Trevor and Matt brought up great points to argue against technology enhancing learning in the classroom. The article they provided The Digital Gap Between Rich And Poor Kids Is Not What We Expected, gave insight from a parents perspective of not having screen time and the digital divide. I agree with a lot of what this article said and the points my classmates made. Parents don’t have a say in how much screen time we allow within a classroom. It can be a distraction from learning. I have had times where students have meltdowns because I won’t let them go on an iPad. This is a waste of time and a big distraction from learning.
Within my classroom I try to have a good balance of implementing technology that has purpose. At lunchtime I let my students watch one episode of either Magic School Bus or Wild Kratts because it does have educational value. The iPads in my class are only used for the reading and writing apps. I use technology to teach many concepts. My go to sites are Brainpop and Epic Books. I value connection and social interaction in my classroom and throughout the day for my students. I believe it is so important to have face-to-face human interaction and connection. I provide opportunities for this to happen within my teaching day. I do a lot of turn and talks, sharing circles, hands on partner or group work/games, and make kids have conversations. Many students go home and don’t have anyone talk to them or listen to them. They may play video games for their whole evening. As part of literacy, students need to know how to speak and have a conversation. Providing times to do this and not have technology is very important to me as an educator. At the end of the day I try to have a social time. On Friday’s I have ‘Fun Friday” where students choose to play board games, build with blocks, draw, and interact with classmates in a fun way. This relationship building time I believe is very beneficial for their growth. I don’t allow iPads during this time and my students understand it’s because I want them to play/interact together and be creative. Technology can be a distraction in the classroom from interaction with peers. Nature is also so important to me as an educator to implement in my day. Having students play outside and enjoy the beauty of nature is a priority I put in my teaching. Technology often distracts students from wanting to enjoy nature and be outside for recess. Technology in the classroom can distract from these important skills that need to be developed at a young age. Without technology students learn to regulate themselves, be bored, present(mindfulness) and build meaningful relationships.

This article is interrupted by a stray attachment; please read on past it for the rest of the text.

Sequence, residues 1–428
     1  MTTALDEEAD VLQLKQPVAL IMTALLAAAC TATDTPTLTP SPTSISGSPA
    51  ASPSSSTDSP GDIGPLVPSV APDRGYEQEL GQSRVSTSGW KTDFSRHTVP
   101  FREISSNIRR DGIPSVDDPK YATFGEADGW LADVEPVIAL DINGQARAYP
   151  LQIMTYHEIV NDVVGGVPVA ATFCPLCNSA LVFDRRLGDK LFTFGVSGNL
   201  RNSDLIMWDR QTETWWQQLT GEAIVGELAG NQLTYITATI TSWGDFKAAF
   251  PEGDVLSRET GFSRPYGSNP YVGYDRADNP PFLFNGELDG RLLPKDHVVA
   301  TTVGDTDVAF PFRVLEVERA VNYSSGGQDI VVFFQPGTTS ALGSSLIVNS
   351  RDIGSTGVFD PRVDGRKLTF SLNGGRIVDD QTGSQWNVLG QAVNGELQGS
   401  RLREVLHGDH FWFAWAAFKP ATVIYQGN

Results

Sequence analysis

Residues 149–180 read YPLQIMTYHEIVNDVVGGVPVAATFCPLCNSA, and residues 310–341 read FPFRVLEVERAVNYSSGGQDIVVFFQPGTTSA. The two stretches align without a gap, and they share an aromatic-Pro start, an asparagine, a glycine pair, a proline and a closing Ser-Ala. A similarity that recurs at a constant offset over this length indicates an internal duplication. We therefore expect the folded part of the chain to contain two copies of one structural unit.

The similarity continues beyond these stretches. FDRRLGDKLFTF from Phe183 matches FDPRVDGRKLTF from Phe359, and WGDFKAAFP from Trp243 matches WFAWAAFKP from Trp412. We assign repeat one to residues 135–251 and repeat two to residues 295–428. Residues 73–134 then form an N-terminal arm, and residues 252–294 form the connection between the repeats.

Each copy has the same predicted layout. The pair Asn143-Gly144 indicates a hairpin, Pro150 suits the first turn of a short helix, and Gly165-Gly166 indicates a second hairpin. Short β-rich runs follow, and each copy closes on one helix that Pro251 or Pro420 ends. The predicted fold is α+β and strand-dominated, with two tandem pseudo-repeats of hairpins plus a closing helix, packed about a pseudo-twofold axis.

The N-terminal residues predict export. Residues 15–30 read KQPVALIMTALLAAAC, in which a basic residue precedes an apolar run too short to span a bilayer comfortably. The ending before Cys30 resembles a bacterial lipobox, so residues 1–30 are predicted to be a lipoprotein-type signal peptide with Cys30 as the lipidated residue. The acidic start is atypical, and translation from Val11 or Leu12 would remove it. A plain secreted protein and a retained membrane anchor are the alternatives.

In conclusion I see both sides of the argument and agree with many points from both. This is a very broad topic. I believe there has to be a balance and purpose to everything we do in our teaching day. If you put kids in front of technology all day, important skills are missing from their development. But if we don’t teach students how to use technology properly in our world, they won’t be set up with the skills to navigate the digital world. My classmate Curtis made the point in his blog that “technology needs to be used as a tool FOR learning, and must have a purpose.” Without a purpose it is just fluff in the classroom or busywork and won’t enhance learning. With a purpose, technology can enhance learning and engagement in our classrooms. I will finish with another quote from The Myths of Technology Series.
“If we can develop meaningful learning opportunities that empower our students to make a difference, our impact will go beyond their time they spent in our classrooms. Technology alone will never provide this. We need great educators that think differently about the opportunities we now have in our world and will take advantage of what we have in front of us, and help to create these experiences for our students to do something powerful.” George Couros